Lupin and Snuffles will take good care of Harry. They love him – you know that.

- Ron


I did some research on head trauma and brain injury. If Harry was struck the right way, that could cause impairments to his speech and hearing. Unfortunately, it could be temporary or permanent, and it's impossible to know whether it's temporary until he regains his ability to hear or speak, which he might never do.

Snuffles stayed hidden for a long time. If they don't want to be found, I bet even Dumbledore won't be able to find them. You said Snuffles and Professor Lupin were angry about the snake king and the garlic turban? If they didn't know about it, that means that Harry didn't tell them, and neither did Dumbledore. I wonder if that's what they meant about him being honest with them. It would make sense, and I could understand why they would be angry about it.

The tremors could be from anything, really – head trauma, stress, an extended fight or flight reflex, a reaction to a potion, or something else. Harry might already have recovered from it, if it was from something like stress. Being with Snuffles and Professor Lupin would help ease his mind, I'm sure. And you're right, they do love him, but so do we, and I still worry about him.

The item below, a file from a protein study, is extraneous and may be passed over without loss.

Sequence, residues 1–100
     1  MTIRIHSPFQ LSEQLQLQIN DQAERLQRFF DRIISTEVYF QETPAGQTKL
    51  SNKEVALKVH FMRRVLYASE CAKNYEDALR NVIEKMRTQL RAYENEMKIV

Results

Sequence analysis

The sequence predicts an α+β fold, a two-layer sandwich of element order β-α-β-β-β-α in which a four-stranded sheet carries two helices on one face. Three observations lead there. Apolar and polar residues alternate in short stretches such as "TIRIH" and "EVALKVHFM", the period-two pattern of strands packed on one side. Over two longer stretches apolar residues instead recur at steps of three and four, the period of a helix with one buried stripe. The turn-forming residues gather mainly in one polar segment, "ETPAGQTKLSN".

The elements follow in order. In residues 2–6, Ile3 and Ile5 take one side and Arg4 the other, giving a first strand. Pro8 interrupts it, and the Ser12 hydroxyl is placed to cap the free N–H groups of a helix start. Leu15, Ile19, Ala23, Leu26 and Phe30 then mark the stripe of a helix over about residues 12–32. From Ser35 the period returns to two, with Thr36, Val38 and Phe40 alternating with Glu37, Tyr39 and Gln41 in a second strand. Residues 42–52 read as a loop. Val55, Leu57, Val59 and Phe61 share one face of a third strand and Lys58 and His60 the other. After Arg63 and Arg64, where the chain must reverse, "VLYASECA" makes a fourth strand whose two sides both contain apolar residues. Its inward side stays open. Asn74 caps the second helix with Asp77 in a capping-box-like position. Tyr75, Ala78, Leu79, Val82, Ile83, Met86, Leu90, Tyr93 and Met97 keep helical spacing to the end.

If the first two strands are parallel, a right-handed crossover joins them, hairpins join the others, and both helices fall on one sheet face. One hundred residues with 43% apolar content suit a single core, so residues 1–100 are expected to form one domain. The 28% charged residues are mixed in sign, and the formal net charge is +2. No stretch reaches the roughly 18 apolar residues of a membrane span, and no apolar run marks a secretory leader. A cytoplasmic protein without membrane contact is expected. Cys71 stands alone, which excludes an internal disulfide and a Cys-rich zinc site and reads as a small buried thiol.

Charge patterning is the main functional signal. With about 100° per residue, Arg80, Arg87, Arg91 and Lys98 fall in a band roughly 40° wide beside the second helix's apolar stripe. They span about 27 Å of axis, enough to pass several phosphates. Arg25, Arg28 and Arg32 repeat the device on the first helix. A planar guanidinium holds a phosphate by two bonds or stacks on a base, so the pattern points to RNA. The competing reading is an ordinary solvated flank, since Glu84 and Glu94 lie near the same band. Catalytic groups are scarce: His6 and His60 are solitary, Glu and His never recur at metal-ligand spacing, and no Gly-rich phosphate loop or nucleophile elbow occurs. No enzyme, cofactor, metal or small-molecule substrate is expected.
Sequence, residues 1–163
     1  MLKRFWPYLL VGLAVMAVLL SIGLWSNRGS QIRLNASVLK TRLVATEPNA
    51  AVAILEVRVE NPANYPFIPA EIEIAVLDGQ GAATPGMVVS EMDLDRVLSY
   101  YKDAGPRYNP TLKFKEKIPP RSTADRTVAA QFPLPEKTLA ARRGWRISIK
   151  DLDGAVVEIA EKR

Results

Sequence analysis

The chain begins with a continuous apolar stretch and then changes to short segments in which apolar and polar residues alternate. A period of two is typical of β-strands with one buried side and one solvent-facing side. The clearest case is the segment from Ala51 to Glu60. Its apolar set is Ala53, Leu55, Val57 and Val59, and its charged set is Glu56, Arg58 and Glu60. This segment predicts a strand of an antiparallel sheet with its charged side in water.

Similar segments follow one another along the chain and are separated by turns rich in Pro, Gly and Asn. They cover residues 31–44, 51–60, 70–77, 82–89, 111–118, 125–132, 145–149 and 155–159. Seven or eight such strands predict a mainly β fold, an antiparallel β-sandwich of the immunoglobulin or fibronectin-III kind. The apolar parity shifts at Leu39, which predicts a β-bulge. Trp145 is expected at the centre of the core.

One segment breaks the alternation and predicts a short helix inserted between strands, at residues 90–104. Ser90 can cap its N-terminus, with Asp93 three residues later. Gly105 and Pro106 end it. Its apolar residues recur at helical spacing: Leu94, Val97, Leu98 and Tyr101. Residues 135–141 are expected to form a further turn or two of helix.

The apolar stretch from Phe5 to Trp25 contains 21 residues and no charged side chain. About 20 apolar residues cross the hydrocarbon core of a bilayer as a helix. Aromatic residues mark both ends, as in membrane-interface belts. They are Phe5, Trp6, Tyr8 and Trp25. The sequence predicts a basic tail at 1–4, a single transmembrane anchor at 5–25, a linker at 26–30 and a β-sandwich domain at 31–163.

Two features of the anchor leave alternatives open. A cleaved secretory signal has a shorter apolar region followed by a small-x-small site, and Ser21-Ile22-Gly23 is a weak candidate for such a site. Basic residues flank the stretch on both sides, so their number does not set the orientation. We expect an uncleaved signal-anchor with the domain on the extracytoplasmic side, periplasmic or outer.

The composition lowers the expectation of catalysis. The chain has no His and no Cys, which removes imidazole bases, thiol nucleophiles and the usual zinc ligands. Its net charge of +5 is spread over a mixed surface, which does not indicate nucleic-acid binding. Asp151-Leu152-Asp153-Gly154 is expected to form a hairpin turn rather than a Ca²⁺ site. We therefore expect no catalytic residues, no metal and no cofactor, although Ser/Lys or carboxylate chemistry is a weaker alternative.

- Hermione

Dear Hermione,

Mum and Dad grounded Ron from sending any post. Dumbledore came over to ask if any of us knew where Professor Lupin and his dog would take Harry, and Mum and Dad are really angry that they've disappeared. Ron told them it was "none of their bloody business," and he's been confined to his room. Don't send anymore letters or you might get into trouble. Dumbledore might come to your house, too, to ask if you know anything. He's angry about it, too, I think.

Hopefully we'll see you sometime this summer. We can talk then.

- Ginny

Albus Dumbledore removed his half-moon spectacles and pinched the bridge of his nose, gusting out a weary sigh. Not even halfway through the holiday, this was racking up to be the most stressful summer he had experienced in years.